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Milk miRNAs: simple nutrients or systemic functional regulators?

Overview of attention for article published in Nutrition & Metabolism, June 2016
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About this Attention Score

  • In the top 25% of all research outputs scored by Altmetric
  • High Attention Score compared to outputs of the same age (82nd percentile)

Mentioned by

twitter
11 tweeters
facebook
3 Facebook pages
wikipedia
1 Wikipedia page

Citations

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63 Dimensions

Readers on

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102 Mendeley
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Title
Milk miRNAs: simple nutrients or systemic functional regulators?
Published in
Nutrition & Metabolism, June 2016
DOI 10.1186/s12986-016-0101-2
Pubmed ID
Authors

Bodo C. Melnik, Foteini Kakulas, Donna T. Geddes, Peter E. Hartmann, Swen Malte John, Pedro Carrera-Bastos, Loren Cordain, Gerd Schmitz

Abstract

Milk is rich in miRNAs that appear to play important roles in the postnatal development of all mammals. Currently, two competing hypotheses exist: the functional hypothesis, which proposes that milk miRNAs are transferred to the offspring and exert physiological regulatory functions, and the nutritional hypothesis, which suggests that these molecules do not reach the systemic circulation of the milk recipient, but merely provide nutrition without conferring active regulatory signals to the offspring. The functional hypothesis is based on indirect evidence and requires further investigation. The nutritional hypothesis is primarily based on three mouse models, which are inherently problematic: 1) miRNA-375 KO mice, 2) miRNA-200c/141 KO mice, and 3) transgenic mice presenting high levels of miRNA-30b in milk. This article presents circumstantial evidence that these mouse models may all be inappropriate to study the physiological traffic of milk miRNAs to the newborn mammal, and calls for new studies using more relevant mouse models or human milk to address the fate and role of milk miRNAs in the offspring and the adult consumer of cow's milk.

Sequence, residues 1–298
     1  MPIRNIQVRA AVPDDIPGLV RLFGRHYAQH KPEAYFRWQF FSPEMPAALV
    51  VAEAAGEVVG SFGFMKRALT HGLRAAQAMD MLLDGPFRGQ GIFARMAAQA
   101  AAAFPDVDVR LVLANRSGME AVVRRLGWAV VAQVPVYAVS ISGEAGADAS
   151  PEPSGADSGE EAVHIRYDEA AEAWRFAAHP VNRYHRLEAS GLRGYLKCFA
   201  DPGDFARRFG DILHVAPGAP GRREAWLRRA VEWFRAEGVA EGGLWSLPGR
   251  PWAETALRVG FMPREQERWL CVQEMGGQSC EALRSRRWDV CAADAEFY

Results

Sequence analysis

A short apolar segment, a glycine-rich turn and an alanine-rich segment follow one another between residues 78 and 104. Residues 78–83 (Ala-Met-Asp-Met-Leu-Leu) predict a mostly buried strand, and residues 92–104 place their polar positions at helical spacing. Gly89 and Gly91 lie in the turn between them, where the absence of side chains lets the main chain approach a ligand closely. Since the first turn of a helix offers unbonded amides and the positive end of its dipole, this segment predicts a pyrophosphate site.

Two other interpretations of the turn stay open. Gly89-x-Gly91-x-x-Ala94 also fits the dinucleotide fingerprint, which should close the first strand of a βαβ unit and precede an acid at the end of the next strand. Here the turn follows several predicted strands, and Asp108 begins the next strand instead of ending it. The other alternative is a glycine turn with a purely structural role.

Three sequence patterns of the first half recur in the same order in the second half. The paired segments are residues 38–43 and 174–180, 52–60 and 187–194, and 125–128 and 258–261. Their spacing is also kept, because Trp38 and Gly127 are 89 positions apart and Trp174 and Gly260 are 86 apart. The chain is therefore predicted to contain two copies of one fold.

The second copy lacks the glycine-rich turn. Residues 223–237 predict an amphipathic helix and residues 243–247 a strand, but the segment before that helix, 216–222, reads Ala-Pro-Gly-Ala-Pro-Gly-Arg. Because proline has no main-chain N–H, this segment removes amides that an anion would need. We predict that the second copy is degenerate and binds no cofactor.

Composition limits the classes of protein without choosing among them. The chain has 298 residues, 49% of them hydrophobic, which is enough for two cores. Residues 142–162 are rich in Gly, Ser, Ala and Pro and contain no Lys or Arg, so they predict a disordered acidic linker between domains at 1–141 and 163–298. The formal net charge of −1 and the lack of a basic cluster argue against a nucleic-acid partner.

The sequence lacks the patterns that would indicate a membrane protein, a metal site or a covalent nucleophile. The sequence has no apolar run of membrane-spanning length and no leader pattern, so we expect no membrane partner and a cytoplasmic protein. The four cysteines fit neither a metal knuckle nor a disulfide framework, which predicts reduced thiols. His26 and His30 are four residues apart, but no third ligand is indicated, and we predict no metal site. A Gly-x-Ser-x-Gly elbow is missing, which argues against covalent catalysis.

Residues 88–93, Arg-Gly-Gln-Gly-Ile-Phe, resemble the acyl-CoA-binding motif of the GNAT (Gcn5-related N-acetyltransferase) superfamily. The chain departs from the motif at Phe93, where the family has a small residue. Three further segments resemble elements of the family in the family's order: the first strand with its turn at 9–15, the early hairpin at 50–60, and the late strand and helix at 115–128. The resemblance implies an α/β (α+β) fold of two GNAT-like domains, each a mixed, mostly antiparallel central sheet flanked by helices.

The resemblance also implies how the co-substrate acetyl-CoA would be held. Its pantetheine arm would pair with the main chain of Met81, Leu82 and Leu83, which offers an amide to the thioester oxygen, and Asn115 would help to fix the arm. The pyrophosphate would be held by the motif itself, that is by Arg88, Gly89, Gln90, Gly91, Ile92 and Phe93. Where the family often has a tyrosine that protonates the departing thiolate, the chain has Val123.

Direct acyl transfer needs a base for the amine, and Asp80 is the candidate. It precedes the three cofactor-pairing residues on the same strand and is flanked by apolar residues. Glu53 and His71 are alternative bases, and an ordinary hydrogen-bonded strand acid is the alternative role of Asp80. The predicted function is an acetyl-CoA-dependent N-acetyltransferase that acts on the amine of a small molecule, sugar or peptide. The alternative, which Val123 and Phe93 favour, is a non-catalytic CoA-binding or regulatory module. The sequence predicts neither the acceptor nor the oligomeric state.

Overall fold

Twitter Demographics

The data shown below were collected from the profiles of 11 tweeters who shared this research output. Click here to find out more about how the information was compiled.

Mendeley readers

The data shown below were compiled from readership statistics for 102 Mendeley readers of this research output. Click here to see the associated Mendeley record.

Geographical breakdown

Country Count As %
Unknown 102 100%

Demographic breakdown

Readers by professional status Count As %
Researcher 24 24%
Student > Ph. D. Student 19 19%
Student > Master 17 17%
Student > Doctoral Student 6 6%
Student > Bachelor 6 6%
Other 17 17%
Unknown 13 13%
Readers by discipline Count As %
Agricultural and Biological Sciences 35 34%
Biochemistry, Genetics and Molecular Biology 21 21%
Medicine and Dentistry 15 15%
Veterinary Science and Veterinary Medicine 4 4%
Nursing and Health Professions 4 4%
Other 6 6%
Unknown 17 17%

Attention Score in Context

This research output has an Altmetric Attention Score of 10. This is our high-level measure of the quality and quantity of online attention that it has received. This Attention Score, as well as the ranking and number of research outputs shown below, was calculated when the research output was last mentioned on 06 July 2018.
All research outputs
#2,546,695
of 18,217,263 outputs
Outputs from Nutrition & Metabolism
#264
of 854 outputs
Outputs of similar age
#47,897
of 270,562 outputs
Outputs of similar age from Nutrition & Metabolism
#1
of 1 outputs
Altmetric has tracked 18,217,263 research outputs across all sources so far. Compared to these this one has done well and is in the 85th percentile: it's in the top 25% of all research outputs ever tracked by Altmetric.
So far Altmetric has tracked 854 research outputs from this source. They typically receive a lot more attention than average, with a mean Attention Score of 22.4. This one has gotten more attention than average, scoring higher than 69% of its peers.
Older research outputs will score higher simply because they've had more time to accumulate mentions. To account for age we can compare this Altmetric Attention Score to the 270,562 tracked outputs that were published within six weeks on either side of this one in any source. This one has done well, scoring higher than 82% of its contemporaries.
We're also able to compare this research output to 1 others from the same source and published within six weeks on either side of this one. This one has scored higher than all of them